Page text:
Friday, December 31, 2010

Play the hand you're dealt!

I really believe the saying, "PLAY THE HAND YOU'RE DEALT" not only applies to life in general, it applies specifically to cycling. 

Genetics plays a huge role in how successful you are in cycling.  If you're fortunate to have Olympic Athletes as parents, like Taylor Phinney has, there is no wonder why you too can't be an Olympic athlete someday.  As far as I'm concerned, Taylor was dealt a Royal Flush.  For the average mortal cyclist reading this blog (unless you're an elite athlete) we're lucky if we were dealt a pair of 10's in comparison.  Why do I say that?  Because if we trained hard everyday for 5 yrs. straight (with the best coach in the world) we still wouldn't be able to come close to matching the cycling accomplishments/performances of a Taylor Phinney..even if we were the same age. 

So, what makes a Taylor Phinney genetically superior to us weekend warriors?  For starters, he probably has a huge VO2max (engine), his muscles clear lactate faster than the average Joe, i.e. a higher lactate threshold, a high power-to-weight ratio, a good ratio of Slow Twitch to Fast Twitch muscle fibers, etc.  I want to talk a little bit more about the muscle fiber types since I believe it relates more to our cycling training/racing...and the title of the blog.

Slow Twitch (ST) muscle fibers (aka Type I) have slow contraction times (thus the name) and are slower to fatigue than Fast Twitch (FT) muscle fibers.  Fast Twitch muscle fibers (aka Type II) have faster contraction times and are quicker to fatigue.  The big difference between the two are that the ST fibers use Oxygen and Carbs/Fat for energy production where the FT fibers do NOT use Oxygen and only use Carbs for energy production.  The FT fibers also produce lactic acid as a byproduct of energy production.  And, I think we all know what lactic acid feels like in our legs during short/hard efforts.

For most of us, our bodies are composed of a 50/50 ratio of FT to ST muscle fibers.  Some people have an 80/20 ratio of FT to ST or ST to FT.   The ratio differs not only throughout the body but in the individual muscle group itself.  For example, I'd say I have a 50/50 ratio of FT to ST muscle fibers in my body.  But, I know that my tricep muscles are probably 80% FT and 20% ST muscle fiber and my quadricep muscles are probably 20% FT and 80% ST muscle fiber.  How do I know that?  (No, I didn't have a muscle biopsy performed- which by the way is the only REAL way of knowing what your muscle fiber composition is.)  It's because when I was on my HS Football team I could throw a football 65-70 yds and when I was on Penn State's Track Team I threw the javelin over 220 ft.  Since throwing a football and the javelin primarily uses the tricep muscle (as well as the hips/legs) and requires fast explosive action..I can pretty much tell that it's made up of FT muscle fiber.  Now, for my poor excuse for quadriceps.  Back in HS my 40 yd. sprint time was probably the slowest of the defensive backs on the football team.  I'm not sure of the exact time but I'm guessing it was closer to 5 seconds than 4 seconds..haha.  And, when I played HS basketball (at 6 ft. tall) I could barely get my wrist over the rim (let alone dunk).  I definitely suffer from the white mans disease..can't sprint and can't jump.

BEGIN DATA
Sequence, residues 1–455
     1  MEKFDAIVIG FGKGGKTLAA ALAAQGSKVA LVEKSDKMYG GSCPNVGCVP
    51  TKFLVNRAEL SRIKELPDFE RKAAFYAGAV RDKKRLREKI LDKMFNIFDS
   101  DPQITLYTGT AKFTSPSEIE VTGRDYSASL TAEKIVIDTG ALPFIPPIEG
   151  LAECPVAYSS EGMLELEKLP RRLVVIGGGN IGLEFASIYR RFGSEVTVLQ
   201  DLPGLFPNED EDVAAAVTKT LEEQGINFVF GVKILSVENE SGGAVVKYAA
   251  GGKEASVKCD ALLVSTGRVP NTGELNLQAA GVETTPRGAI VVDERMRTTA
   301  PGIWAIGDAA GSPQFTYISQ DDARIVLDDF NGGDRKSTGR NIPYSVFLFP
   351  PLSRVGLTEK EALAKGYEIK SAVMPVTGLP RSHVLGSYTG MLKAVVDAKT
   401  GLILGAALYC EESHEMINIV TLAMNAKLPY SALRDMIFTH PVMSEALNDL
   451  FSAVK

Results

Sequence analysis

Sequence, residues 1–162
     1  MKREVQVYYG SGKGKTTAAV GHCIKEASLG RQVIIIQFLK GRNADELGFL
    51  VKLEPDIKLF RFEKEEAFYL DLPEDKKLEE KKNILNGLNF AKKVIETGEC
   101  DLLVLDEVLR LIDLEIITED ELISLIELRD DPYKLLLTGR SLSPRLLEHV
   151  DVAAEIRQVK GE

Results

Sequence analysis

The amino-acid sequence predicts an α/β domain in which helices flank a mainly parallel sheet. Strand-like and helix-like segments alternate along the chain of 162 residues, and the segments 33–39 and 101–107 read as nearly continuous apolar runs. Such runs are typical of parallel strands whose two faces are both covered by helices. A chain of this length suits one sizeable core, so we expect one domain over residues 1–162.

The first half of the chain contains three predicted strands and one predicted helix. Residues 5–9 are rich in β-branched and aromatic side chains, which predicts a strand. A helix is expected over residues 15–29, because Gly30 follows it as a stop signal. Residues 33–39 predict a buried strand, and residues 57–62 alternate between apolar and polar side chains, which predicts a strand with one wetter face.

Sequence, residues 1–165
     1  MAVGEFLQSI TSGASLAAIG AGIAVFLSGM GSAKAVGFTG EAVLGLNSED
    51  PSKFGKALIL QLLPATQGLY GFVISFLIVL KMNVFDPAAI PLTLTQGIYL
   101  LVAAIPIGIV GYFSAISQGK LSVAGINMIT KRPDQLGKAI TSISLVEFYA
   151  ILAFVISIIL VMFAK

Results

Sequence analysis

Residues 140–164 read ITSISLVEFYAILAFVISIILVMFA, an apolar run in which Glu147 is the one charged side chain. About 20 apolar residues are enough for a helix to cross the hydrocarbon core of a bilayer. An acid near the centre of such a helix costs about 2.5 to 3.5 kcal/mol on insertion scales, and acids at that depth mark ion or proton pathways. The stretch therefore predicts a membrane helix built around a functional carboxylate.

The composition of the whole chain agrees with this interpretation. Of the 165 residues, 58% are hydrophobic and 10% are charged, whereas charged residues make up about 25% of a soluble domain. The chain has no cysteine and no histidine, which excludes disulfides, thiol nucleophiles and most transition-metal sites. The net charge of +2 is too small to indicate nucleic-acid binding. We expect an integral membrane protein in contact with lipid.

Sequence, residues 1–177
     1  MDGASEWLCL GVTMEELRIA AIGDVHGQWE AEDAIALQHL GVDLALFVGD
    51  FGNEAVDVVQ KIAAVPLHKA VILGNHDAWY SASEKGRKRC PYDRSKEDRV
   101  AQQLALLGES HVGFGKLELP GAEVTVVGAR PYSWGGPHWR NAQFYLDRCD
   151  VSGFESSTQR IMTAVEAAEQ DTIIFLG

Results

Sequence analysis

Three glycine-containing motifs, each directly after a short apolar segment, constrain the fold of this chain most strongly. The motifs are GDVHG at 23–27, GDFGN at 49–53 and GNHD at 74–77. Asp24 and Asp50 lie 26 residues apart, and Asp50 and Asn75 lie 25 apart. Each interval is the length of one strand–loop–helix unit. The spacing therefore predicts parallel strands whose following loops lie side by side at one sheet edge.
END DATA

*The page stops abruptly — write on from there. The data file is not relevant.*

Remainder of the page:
And, for what it's worth, you can't change the ratio of Type I to II muscle fibers in your muscle.  Let me repeat that so it sinks can NOT change the ratio of Type I to II muscle fibers in your muscle.  Yes, you can change the muscle fiber characteristics or develop Type Is to act more like Type IIs (and vice-versa) but you can't physically change one type to the other.  (BTW, this will be the topic of a blog later this week)
Despite the differences in the two muscle groups, generally the muscles have the same force when fired; one just burns out quicker than the other. Muscle build is what allows Olympic athletes, like Taylor Phinney and his parents, to separate themselves from others. Generally cycling sprinters are built of predominately fast twitch muscle fibers in the legs while long distance riders are predominantly slow twitch.

While you may never be an Olympian (not in the cards) understanding how your muscles work might allow you to revamp your cycling training.  If your leg build is more fast twitch muscles and you are attempting to ride long hilly distance road races and find that you never succeeded, think about possible transitioning to more of a shorter distance flat criterium racer. If you are more of a slow twitch person and you cannot figure out why you can never compete for that final sprint I highly recommend you change your goals to competing in a long hilly road race instead- where most of the pure sprinters are spit out the back.

Whatever your body type, the more you understand about it the better off you will be when you are attempting to reach your 2011 goals.  Play the hand you're dealt...don't fight it!

Power ON!  Coach Rob

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